·         A four-day student week, as used in some places, can provide a day for faculty development and governance meetings.

·         Use the faculty’s commitment to a culture of evidence to support effective assessment, and the idea that assessment is different than just measurement.

·         Include employees, other than faculty, in promoting active learning.

·         Faculty should mentor each other to avoid the misuse of power.

·         To prevent burn-out, as you bring in new leaders build a structure where new employees are given meaningful responsibilities and tasks. Don't overload them with responsibilities.

·         As faculty in a collective bargaining environment, advocate for a wide scope of bargaining that includes transforming the learning environment.

·         Make sure contract language is clear.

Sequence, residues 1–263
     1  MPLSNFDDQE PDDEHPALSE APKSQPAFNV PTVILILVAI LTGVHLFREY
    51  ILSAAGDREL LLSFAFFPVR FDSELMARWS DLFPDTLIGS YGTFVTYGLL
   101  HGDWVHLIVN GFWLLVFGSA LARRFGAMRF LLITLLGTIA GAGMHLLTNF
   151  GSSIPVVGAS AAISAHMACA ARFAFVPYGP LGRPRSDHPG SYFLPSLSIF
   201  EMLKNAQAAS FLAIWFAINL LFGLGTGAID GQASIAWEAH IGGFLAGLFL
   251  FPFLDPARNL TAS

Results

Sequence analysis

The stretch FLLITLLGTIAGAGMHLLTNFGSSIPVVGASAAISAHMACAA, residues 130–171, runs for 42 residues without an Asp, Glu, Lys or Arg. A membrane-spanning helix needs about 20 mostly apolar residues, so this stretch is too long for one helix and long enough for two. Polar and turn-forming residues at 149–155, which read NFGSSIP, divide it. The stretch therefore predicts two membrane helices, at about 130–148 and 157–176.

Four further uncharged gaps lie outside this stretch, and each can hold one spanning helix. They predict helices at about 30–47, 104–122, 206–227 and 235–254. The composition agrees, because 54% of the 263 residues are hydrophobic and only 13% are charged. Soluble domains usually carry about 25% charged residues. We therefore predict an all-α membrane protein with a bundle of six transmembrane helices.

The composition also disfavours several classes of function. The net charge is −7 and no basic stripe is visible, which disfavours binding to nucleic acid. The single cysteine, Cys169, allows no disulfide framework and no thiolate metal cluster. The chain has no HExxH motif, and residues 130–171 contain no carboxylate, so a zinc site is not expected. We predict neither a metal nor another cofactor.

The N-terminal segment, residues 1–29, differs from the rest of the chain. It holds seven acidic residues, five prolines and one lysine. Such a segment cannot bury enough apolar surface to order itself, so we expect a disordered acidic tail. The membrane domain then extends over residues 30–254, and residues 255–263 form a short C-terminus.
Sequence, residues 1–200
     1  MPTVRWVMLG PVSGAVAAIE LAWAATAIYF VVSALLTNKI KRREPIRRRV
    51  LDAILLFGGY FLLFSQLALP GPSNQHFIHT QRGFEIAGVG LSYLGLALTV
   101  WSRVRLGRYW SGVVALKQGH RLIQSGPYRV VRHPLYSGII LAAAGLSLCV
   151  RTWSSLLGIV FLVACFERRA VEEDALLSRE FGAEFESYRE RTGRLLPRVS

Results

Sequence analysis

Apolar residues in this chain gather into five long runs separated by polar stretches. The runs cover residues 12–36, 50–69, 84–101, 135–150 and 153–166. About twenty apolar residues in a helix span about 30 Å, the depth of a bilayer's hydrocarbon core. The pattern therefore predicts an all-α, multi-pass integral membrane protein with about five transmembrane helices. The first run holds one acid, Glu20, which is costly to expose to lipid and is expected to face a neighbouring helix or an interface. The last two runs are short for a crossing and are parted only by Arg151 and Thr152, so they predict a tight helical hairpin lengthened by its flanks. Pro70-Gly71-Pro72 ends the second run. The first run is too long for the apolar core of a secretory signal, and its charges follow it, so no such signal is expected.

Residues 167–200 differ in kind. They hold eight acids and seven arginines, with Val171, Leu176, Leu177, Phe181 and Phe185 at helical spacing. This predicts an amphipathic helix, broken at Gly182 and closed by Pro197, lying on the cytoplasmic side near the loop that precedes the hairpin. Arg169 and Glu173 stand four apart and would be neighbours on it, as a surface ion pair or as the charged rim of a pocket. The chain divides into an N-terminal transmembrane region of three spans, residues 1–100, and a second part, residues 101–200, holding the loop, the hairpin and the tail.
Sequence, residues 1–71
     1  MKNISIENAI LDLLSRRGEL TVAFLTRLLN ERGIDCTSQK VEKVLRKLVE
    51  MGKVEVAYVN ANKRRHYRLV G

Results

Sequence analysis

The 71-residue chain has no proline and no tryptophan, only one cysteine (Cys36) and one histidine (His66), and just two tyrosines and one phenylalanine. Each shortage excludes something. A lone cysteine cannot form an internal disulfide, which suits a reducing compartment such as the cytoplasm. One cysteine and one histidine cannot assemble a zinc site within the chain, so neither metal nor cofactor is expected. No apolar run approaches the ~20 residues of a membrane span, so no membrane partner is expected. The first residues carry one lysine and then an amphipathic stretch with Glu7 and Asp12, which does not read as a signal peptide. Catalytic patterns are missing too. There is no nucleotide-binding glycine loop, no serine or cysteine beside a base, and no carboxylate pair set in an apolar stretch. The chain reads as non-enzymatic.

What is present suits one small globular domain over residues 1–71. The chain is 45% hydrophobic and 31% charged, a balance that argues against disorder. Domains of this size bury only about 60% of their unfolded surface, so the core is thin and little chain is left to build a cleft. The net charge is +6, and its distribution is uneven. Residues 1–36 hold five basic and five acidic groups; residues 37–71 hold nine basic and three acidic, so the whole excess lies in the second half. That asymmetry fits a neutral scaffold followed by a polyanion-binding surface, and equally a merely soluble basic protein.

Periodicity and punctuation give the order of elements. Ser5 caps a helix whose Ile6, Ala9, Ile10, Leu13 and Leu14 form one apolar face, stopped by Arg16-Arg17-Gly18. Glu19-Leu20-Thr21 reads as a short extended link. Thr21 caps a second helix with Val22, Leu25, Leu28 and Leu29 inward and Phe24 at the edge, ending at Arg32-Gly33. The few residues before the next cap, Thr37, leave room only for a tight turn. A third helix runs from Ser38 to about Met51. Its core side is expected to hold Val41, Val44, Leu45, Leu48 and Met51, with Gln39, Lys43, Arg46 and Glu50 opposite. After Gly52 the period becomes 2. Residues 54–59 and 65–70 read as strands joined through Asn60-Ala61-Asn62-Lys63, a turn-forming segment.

·         For a first contract, to address fears of long-time faculty, everything that is a practice at a college should be put into a contract.

·         When entering into bargaining, enter as equals to engage issues fundamental to the life of the college.

·         Faculty should volunteer to be part of and to select an effective union leadership.

·         A useful analogy: Faculty are in the same position as doctors a while back. 

With the rise of new technology and rising costs out of their control, doctors did little other than want hospitals to provide them with patients and a place to work. HMOs resulted, leading to a decline in health care and significant loss of professional satisfaction in the doctors’ work. Faculty need to take effective action or something similar will happen in education.



To fundamentally change the student learning environment in colleges, faculty working conditions must also fundamentally change. Faculty must take active part in this effort to ensure that it takes place and to ensure that it takes place well. Institutions must provide time and structure for faculty to lead and move forward in initiatives that advance student learning. It is crucial that institutions are structured to care about their faculty.